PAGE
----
Cazoo has acquired German car-subscription service Cluno, as it looks to expand its car-as-a-service (CaaS) offering.
Cluno offers customers an alternative to traditional car ownership, with 100 different makes and models available for a single monthly fee. This includes the car, maintenance, servicing, warranty, tax and insurance. CaaS is a growing trend, giving consumers the option to have a vehicle when they need it and swap or hand it back depending on their requirements.
Having recently bought Drover, a UK CaaS business, Cazoo’s latest move will help to accelerate its international expansion strategy. The deal puts the company in a strong position as the automotive industry grapples with the effects of COVID-19. Offering both used-vehicle sales via an online platform and CaaS means it can profit from changing consumer-spending patterns.
UK-based online used-car platform Cazoo has already delivered almost 20,000 cars to consumers across the UK since its launch one year ago. Cluno was founded in 2017 and has a team of 100 workers at its headquarters in Munich. The financial details of the transaction have not been revealed.
‘Cluno has built a market-leading offering in the car-subscription market in Germany with thousands of loyal customers,’ said Alex Chesterman, founder and CEO of Cazoo. ‘We will be launching the full Cazoo proposition in Europe later this year from our new European headquarters in Munich, and we look forward to offering customers the option of purchasing, financing or subscribing to thousands of Cazoo cars.’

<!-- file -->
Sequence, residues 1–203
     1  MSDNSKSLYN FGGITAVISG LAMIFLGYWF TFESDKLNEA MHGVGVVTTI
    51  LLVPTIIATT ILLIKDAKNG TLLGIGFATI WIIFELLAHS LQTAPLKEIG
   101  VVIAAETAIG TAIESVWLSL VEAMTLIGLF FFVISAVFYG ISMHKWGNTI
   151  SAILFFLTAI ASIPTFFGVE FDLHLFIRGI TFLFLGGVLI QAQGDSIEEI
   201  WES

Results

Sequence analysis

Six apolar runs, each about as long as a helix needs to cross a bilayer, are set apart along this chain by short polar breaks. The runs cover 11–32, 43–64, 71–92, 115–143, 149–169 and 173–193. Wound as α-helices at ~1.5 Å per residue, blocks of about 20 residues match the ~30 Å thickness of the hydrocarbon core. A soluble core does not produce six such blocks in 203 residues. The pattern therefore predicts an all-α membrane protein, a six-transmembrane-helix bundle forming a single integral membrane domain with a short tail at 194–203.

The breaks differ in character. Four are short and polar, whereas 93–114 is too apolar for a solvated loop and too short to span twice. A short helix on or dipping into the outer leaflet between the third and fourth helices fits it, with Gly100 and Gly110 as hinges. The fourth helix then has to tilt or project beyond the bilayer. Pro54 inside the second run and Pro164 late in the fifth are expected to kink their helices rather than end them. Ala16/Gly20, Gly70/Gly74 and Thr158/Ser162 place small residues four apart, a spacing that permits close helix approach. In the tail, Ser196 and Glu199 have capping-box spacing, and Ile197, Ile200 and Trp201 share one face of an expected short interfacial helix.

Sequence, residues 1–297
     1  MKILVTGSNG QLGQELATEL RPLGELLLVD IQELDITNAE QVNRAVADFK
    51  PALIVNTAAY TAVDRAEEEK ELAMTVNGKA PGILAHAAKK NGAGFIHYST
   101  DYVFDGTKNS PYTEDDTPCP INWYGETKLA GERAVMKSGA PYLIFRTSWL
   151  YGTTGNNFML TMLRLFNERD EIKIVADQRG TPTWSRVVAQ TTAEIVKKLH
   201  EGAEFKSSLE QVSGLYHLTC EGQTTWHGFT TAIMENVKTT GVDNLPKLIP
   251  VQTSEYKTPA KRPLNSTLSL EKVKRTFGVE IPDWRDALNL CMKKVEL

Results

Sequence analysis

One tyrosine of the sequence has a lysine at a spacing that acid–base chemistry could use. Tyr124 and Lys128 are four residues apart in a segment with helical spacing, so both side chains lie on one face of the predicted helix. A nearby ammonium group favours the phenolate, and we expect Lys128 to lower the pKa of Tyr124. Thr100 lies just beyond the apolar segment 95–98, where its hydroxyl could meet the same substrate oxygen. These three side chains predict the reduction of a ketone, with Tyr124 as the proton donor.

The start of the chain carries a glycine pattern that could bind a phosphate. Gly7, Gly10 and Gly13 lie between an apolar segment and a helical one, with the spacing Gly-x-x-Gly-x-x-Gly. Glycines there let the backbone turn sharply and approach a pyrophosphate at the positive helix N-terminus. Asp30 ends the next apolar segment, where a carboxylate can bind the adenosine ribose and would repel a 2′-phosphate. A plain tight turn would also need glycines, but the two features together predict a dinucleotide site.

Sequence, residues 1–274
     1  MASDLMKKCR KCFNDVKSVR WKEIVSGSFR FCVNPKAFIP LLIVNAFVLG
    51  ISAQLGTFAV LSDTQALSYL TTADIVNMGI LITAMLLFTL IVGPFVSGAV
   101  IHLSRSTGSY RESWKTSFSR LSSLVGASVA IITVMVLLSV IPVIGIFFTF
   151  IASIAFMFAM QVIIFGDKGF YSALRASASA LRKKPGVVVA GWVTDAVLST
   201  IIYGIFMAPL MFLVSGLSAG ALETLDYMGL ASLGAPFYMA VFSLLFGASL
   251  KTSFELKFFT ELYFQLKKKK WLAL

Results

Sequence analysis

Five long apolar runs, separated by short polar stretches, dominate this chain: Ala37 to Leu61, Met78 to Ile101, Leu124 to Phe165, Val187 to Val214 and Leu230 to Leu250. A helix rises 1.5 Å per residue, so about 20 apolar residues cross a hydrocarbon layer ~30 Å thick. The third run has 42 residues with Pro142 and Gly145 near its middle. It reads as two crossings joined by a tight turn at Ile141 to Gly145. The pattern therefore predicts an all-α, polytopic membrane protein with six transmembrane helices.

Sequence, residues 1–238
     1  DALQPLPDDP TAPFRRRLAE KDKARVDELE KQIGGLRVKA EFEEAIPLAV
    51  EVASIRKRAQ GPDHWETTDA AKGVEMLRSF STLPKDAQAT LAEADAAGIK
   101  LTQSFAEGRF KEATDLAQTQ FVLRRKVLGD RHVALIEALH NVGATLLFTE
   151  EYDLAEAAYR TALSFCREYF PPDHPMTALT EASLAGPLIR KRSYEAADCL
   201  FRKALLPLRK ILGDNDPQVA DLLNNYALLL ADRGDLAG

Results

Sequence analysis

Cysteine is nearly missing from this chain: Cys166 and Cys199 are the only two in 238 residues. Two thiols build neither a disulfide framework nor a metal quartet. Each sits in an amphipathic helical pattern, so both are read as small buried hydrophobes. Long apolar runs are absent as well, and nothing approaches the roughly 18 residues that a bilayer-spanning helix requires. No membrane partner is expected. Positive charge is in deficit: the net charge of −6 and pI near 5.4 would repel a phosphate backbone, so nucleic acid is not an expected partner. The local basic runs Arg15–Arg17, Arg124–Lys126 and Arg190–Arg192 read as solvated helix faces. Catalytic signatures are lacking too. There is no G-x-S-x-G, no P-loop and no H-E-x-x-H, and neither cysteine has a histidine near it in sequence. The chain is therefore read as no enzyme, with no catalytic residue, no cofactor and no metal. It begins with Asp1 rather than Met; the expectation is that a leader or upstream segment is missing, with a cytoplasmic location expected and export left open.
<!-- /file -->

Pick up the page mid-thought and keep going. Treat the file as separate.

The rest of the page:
According to subscription site Wagonex, traditional forms of ownership cost UK consumers almost £1 billion (€1.2 billion) in payments for vehicles not used during COVID-19 lockdowns. The company says enquiries about its CaaS options have increased 250% since September last year.
Wagonex owner Toby Kernon said: ‘the shift towards the subscription model of car ownership has been coming for a while and, before lockdown, research suggested subscriptions would account for 10% of all new registrations by 2025.
‘In reality, the effects of lockdown have accelerated the shift towards car subscriptions. When you consider that 80% of drivers did not use their cars at all during lockdown, while spending an average of £226 a month for the privilege, it is easy to see why people are making the shift towards flexible ownership.’
COVID-19 has led to an increase in working from home, cutting down vehicle usage as a result. CaaS offers a more affordable way to use a vehicle without the commitment to long-term finance options or other costs. Together with mobility as a service (MaaS), consumers have more options should they look to turn away from traditional car ownership. This is a reason why carmakers have invested in mobility services, ensuring they can still profit despite a changing automotive landscape.